Photograph (copy) circa 1914 of Fred Mayer, born in McIntosh County, son of Mr. and Mrs. Christian Mayer, originally of Beresina, Bessarabia.  His wife Mathilda Henneberg, daughter of Mr. and Mrs. Michael Henneberg near Kulm.  Christian Mayer family lived fourteen miles east of Ashley, later as Emanuel George farm.  Mrs. Eddy A. Mayer of Lakota, North Dakota, submitted this family portrait photograph.

Photograph (copy), circa 1910-1916, with Beresina, Bessarabia, origins older sister or aunt is Magdalena Becker Salzer.  “Tillie”/ Mathilda Becker is perched on chair arm, while her brother Fred Becker is seated on the wicker-style chair.  This family photograph was submitted by Tillie Becker who lived in Hot Springs, South Dakota since 1933. 

Photograph (copy) of ten children of George Kramer [with origins from Bergdorf, Gluecktal Colonies].  Front row (left to right):  Elsie (Mrs. Chris) Lahmann of Seattle, Washington; Pauline (Mrs. Jacob) Nitschke of Ashley; Alma (Mrs. Jacob) Rothfusz of Ashley; John Kramer of Ashley.  Middle row (left to right):  Emma (Mrs. Gotthilf) Raile; Helen (Mrs. Edward) Schmidt of Lodi, California; and Edward Kramer.  Back row (left to right):  Christine (Mrs. John) Roehl of Seattle, Washington; Karoline (Mrs. Jacob) Schmidt of Fairfield, Montana; and Karl Kramer.  This family photograph submitted by Mr. and Mrs. John Kramer of Ashley. 

Photograph (copy) circa 1927 of Wilhelm Schumacker, (born 20 May 1845 at Alt-Elft, Bessarabia, and died 1 January 1944) and his wife Rosina Schnable (born 15 August 1850 at Glueckstal, Glueckstal Colonies, South Russia, and died 1 May 1930) who lived near Eureka and Ashley.  Freida (Mrs. Adam) Schnable of Wishek, one of their daughters, stands behind her parents. 

Photograph (copy) in 1912 during July 4th celebration in Zeeland.  The city band members were a German tradition for music-making.  Three branches of cottonwood leaves provided shade for the speaker’s stand.  This photograph was submitted by August Boschee of Zeeland, McIntosh County, North Dakota.

Photograph (copy) in 1915 of harvesting with steam-powered threshing near Ashley.  Shown with “threshing-rig” are (left to right).  George Dobler, Jake Kessel, Martin Schlabsz Jr., Martin Sackmann, Jacob Schlabsz, Fred Schlenker, and Jake Steinwandt.  Seated on the steam tractor is Sam Pfaff.  This photograph submitted by Mr. and Mrs. J.F. Schneider of rural Ashley.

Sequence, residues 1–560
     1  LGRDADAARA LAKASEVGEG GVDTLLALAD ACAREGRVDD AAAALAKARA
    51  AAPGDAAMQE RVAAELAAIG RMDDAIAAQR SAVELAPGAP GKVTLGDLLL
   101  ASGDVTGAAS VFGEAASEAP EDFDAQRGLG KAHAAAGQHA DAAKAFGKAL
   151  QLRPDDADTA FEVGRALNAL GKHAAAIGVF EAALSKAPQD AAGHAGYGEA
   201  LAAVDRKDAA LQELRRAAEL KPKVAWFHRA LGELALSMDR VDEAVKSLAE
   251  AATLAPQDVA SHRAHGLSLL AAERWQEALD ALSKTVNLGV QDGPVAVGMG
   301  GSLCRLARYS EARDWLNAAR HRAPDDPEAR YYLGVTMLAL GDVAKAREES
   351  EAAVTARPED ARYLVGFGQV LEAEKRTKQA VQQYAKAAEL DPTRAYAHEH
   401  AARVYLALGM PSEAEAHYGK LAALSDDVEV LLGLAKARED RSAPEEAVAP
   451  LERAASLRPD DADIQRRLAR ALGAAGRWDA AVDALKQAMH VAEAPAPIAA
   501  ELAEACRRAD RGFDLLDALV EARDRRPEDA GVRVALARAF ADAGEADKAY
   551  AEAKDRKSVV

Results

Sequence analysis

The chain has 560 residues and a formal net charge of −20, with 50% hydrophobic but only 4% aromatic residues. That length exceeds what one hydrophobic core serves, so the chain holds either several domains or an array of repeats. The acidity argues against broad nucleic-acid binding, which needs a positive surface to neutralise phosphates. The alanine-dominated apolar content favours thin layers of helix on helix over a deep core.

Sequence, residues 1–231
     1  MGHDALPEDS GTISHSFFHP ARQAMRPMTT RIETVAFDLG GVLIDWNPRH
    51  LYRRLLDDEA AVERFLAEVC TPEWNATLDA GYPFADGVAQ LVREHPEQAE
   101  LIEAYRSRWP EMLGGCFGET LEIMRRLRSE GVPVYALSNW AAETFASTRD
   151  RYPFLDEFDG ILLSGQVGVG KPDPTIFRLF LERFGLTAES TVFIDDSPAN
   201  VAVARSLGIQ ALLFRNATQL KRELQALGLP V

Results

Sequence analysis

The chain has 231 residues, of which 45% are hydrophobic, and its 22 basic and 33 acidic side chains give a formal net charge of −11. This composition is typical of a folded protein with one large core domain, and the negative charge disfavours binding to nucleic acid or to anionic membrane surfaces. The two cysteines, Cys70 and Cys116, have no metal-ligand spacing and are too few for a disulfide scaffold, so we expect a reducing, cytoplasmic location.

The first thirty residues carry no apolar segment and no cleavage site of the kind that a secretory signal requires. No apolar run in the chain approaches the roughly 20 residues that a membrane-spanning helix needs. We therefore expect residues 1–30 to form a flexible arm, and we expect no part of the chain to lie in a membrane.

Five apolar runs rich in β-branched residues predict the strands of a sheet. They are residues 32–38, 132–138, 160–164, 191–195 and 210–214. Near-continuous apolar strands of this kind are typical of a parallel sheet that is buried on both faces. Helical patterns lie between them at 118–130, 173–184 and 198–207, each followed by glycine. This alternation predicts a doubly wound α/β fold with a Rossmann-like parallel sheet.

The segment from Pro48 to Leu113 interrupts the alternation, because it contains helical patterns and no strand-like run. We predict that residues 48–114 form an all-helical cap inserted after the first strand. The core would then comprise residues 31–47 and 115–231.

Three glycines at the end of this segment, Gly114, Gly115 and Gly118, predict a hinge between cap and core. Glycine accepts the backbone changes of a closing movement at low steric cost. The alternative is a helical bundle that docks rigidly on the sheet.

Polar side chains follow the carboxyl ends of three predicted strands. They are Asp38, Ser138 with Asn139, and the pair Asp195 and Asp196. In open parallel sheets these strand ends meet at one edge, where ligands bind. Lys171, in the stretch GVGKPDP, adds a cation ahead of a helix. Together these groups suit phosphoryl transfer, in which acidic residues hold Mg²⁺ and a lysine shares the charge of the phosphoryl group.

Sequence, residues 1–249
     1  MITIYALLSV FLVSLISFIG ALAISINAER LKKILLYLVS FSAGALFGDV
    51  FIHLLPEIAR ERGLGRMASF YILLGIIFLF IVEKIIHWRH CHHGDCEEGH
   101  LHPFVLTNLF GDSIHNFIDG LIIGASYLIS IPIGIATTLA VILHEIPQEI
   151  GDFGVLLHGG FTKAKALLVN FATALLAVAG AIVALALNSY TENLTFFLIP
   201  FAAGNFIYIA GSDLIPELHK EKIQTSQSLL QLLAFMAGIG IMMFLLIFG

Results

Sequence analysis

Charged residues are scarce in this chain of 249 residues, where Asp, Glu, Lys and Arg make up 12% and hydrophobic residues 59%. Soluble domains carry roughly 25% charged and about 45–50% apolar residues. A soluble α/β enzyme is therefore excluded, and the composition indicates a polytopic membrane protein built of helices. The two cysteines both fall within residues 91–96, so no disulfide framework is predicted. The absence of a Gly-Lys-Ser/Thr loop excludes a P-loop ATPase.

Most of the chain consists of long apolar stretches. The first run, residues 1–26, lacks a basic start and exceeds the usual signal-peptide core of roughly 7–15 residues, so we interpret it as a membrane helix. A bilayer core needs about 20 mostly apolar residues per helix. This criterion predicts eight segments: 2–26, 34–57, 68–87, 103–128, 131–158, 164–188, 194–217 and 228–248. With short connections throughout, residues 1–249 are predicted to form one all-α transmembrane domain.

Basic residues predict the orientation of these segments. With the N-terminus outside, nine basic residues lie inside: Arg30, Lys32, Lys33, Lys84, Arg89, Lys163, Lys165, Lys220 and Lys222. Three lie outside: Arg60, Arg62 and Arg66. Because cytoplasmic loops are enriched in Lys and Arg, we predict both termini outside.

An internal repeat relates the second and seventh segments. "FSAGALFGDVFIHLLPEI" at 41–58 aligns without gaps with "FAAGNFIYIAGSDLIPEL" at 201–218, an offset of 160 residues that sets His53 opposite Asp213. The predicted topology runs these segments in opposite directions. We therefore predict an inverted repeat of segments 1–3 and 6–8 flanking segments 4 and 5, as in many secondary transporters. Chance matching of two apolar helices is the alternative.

Photograph (copy) in April 1917 of confirmation class of Zion I Church, located ten miles east of Ashley.  Row one (left to right):  Adam Merkel, Alfred Fregien, David Reuther, Albert Bertsch, Julius Merkel, Fred Schneider, Jacob Woeszner, and George Wolf.  Row two (left to right):  Hanna Nitschke, Martha Hauk, Regina Lux, Katie Bendwald, Ottilie Hagert, Jacob Rothfusz, Gottfried Schilling and Reinhold Raile.  Row three (left to right):  Dora Schock, Christine Niell, Lydia Frank, Rev. H.L. Lechner (pastor), Otto Kampf, Jacob Sizler, and Herman Puhlmann.  This photograph submitted by David Reuther of Ashley. 

Photograph (copy) of Summer Bible School at Ashley school house for all German-speaking children, from first through third grades.  The teacher was Rev. C.H.W. Schulz, pastor of Zion Lutheran in Ashley. 
Front row:  John Tschetter, Dave Tschetter, Gene Forrest, Adolph Spitzer, John Spitzer, Art Spitzer and (unknown).
Second row:  Rudolph Spitzer, John Schulz, Paul Kretschmar, (unknown), Oscar Brosz, (next unknown).
Third row:  Bill Kretschmar, Otto Becker, (unknown), Art Schulz, Molly Dorfmann, Helen Geiszler, Ida Spitzer.
Fourth row:  Edna Brosz, Mary Kretschmar, Lila Weber, Barbara Weber, Anna Spitzer, (unknown), Emma Spitzer.
Fifth row:  Hulda Geiszler, Dora Geiszler, Rose Schulz, Christine Schulz, Emma Schulz, Emelia Becker.
Sixth row:  Rev. Schulz, Mary Becker, Emma Brosz, Hannah Schulz.
Seventh row:  (standing on side rails) Bill Schulz and Otto Kretschmar.
This photograph was submitted by Mrs. Emma Weisser of Ashley.  She says:  “I remember those German Bible School days as if they were only yesterday.  We really enjoyed them.  But only children living in Ashley usually attended Bible School, as rural children could not attend for the reason that their parents needed them to help at home.”

Photograph (copy) of 1919 confirmation class of Zion Lutheran Church in Ashley.
Front row (left to right):  Gottlieb Iszler, Rose Kaul Fiechtner, Lydia Stroh (Mrs. Max Kraemer), Mrs. Baetka, Rev. Baetka, Lydia Spitzer Gebhardt, Magdalena Goehrung (Mrs. Peter Mensing).